Bruce Price : Reinventing Your Art Technique
Low Tech/High Tech Creativity
What a digital artist does when his mouse hand goes bad.
By Bruce Price
"Low Tech/High Tech"...there's a story.
My left hand is finally shot, probably forever. Many years of four-fingered typing, then 6000+ hours of digital art. Kaput. It cramps up. This is going to happen to a lot of people in the modern world. What to do?? People are getting acupuncture, surgery, physical therapy, braces,
I started wondering, well, suppose, I broke my arm, the answer wouldn't be theoretical. It'd be obvious. So I moved the mouse to the right side. In a few weeks I didn't even notice it. This is for routine computer work. Not precise art. Then I entered an art phase or mood. I wanted to create. What to do? I started drawing (ink on paper), with the idea that I would explore "a loose line," all I could make with the right hand. I'd make a virtue of necessity. What happened is that I ended up exploring one of the oldest mediums there is as if it were some radical new technology. I went at ink to find out what
And let me mention, all the tricks and tactics discussed in MAX your creativity, well, that's what this project was all about. Drawing in the dark, drawing with my eyes closed, drawing watching TV, drawing drunk, drawing without rules or preconception or plan, drawing just to draw, drawing because I never drew in my life, not my adult life, and I really didn't know if I could make anything I'd be proud of. Drawing to see what "line" can do. As the weeks went by and I thought, hey, this or that is very interesting, I became bolder.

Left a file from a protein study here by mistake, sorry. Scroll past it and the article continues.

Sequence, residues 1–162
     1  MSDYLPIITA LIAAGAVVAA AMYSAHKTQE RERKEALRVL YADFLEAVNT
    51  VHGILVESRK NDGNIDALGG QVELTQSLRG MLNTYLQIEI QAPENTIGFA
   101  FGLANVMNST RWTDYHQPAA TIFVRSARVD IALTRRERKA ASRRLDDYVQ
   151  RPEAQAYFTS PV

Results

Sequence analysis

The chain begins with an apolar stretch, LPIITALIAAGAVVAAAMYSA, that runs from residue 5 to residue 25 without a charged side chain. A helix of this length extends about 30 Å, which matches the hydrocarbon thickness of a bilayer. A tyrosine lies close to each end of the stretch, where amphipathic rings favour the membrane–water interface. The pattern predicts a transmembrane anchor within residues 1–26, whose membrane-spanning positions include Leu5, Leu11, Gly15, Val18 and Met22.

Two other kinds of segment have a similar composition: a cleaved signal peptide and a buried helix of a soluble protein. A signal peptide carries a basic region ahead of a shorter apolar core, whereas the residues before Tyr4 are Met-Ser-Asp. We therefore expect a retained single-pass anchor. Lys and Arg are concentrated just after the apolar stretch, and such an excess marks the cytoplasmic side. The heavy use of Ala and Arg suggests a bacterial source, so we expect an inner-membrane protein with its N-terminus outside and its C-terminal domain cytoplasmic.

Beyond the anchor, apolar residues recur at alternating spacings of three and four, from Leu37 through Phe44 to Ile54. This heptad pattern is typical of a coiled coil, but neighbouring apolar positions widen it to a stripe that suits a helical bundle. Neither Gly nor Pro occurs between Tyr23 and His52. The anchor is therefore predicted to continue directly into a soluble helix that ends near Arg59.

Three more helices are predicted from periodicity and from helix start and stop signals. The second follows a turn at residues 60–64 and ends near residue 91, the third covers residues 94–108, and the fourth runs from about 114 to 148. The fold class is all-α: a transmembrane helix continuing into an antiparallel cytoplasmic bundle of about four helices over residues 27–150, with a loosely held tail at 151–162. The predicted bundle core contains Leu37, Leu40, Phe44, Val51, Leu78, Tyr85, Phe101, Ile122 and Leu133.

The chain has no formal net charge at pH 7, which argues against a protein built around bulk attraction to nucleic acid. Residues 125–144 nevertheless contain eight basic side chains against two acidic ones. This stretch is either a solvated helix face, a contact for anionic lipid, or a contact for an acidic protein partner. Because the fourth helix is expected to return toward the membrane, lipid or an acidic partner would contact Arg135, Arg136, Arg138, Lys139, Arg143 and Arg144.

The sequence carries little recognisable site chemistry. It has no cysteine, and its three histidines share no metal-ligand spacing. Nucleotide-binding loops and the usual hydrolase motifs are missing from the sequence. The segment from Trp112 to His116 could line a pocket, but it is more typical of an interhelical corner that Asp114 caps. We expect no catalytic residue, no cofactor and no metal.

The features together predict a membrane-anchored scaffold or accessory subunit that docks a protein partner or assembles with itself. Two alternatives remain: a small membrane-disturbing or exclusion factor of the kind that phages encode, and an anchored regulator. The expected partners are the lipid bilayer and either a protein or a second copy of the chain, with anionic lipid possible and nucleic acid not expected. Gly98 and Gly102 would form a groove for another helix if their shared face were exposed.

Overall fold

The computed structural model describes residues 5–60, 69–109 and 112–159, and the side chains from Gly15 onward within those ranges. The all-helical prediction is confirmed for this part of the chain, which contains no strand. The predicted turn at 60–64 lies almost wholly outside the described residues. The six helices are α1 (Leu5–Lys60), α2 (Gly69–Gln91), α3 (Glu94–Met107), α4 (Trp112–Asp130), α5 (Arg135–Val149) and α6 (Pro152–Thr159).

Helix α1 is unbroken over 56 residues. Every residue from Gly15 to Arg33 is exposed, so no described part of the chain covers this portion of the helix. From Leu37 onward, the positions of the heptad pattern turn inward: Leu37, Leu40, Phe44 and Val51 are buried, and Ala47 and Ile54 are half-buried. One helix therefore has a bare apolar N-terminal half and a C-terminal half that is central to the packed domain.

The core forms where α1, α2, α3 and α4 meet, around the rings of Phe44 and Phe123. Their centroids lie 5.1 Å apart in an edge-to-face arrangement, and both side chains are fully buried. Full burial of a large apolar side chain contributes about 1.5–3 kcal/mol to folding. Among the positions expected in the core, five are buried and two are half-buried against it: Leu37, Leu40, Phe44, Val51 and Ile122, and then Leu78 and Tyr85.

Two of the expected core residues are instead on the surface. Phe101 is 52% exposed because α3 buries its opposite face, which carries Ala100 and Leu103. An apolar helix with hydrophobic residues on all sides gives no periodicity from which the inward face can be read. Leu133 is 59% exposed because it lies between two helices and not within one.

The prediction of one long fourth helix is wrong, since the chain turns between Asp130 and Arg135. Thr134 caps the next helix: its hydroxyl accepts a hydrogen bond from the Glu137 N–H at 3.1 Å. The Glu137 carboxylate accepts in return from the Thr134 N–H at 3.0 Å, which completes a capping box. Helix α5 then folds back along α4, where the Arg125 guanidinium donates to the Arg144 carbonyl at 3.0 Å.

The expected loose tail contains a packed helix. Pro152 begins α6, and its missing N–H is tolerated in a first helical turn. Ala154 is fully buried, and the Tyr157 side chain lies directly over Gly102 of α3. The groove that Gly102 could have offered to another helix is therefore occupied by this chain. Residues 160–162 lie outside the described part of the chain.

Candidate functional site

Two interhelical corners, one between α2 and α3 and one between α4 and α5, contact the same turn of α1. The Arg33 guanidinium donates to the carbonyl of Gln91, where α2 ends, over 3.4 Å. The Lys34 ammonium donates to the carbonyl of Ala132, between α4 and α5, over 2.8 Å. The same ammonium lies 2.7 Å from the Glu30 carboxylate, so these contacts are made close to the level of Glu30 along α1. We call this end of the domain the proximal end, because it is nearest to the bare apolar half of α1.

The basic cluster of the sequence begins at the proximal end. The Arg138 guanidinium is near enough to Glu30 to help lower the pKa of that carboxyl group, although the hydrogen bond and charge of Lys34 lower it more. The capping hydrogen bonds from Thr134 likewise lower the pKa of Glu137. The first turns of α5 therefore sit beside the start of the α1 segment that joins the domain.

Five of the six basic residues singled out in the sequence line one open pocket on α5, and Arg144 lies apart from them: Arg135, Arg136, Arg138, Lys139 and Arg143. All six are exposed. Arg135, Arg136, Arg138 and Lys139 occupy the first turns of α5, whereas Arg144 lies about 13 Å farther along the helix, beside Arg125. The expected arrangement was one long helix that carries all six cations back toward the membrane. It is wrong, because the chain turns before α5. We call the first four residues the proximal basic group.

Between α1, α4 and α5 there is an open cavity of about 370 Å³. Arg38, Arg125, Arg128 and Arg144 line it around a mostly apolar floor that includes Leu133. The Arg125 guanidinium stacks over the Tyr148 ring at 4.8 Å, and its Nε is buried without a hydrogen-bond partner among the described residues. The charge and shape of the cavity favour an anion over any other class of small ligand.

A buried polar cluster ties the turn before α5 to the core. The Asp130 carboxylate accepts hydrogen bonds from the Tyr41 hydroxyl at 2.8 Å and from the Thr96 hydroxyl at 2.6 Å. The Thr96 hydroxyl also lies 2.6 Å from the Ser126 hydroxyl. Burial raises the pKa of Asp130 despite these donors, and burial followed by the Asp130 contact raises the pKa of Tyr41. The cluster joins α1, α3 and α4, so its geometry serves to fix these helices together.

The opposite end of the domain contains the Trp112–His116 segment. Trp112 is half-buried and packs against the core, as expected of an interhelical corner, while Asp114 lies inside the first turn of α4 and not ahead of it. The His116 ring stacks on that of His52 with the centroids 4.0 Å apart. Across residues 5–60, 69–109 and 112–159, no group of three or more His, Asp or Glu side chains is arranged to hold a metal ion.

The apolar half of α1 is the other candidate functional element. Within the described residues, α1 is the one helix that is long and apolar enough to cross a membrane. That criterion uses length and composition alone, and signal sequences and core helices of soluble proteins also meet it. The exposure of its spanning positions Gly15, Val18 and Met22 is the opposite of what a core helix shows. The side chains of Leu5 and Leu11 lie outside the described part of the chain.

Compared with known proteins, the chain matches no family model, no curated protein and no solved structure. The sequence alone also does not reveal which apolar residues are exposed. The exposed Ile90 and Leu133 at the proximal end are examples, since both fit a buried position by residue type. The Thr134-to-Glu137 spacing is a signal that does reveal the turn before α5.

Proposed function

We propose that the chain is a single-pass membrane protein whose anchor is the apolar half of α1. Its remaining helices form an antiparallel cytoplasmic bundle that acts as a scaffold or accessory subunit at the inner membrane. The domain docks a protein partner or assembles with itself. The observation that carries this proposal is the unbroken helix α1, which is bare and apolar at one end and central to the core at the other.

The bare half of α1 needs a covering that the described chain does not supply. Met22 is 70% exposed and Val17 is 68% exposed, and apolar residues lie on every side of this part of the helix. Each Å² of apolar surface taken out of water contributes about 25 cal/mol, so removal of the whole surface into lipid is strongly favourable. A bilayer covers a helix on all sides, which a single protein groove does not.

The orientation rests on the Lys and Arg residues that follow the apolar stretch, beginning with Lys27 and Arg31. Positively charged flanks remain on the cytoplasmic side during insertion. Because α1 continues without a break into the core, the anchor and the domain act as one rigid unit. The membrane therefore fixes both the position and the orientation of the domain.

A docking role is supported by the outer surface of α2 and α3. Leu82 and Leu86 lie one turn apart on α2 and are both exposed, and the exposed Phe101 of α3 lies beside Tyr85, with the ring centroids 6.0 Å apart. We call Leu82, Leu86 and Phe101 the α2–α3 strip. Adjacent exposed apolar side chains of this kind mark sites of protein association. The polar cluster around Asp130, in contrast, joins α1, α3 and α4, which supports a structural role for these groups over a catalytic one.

The moral of the story is that we all have a spare hand, fresh and ready to go. It's not easy to change; it's awkward. But I want to say, isn't it a comfort to know we have back-up? What I found with the drawing is that I can, in fact, use the left if it's an arm motion, not finger or wrist, so now I sometimes move the pen back and forth. The problem with the mouse is that it stresses the first finger relentlessly. My advice is to learn to be ambidextrous as much as you can, as early as you can, and that way you spread out the burden, and you prepare for the time when the "good hand" isn't so good anymore. None of which means I can now make digital art with the right as effortlessly as I once did with the left. But I think in time I'll reach that level. Meanwhile, I can still use the left for four-fingered typing, which is
© 2007 Bruce Deitrick Price
Bruce Deitrick Price is an author, artist, poet, and education activist. More »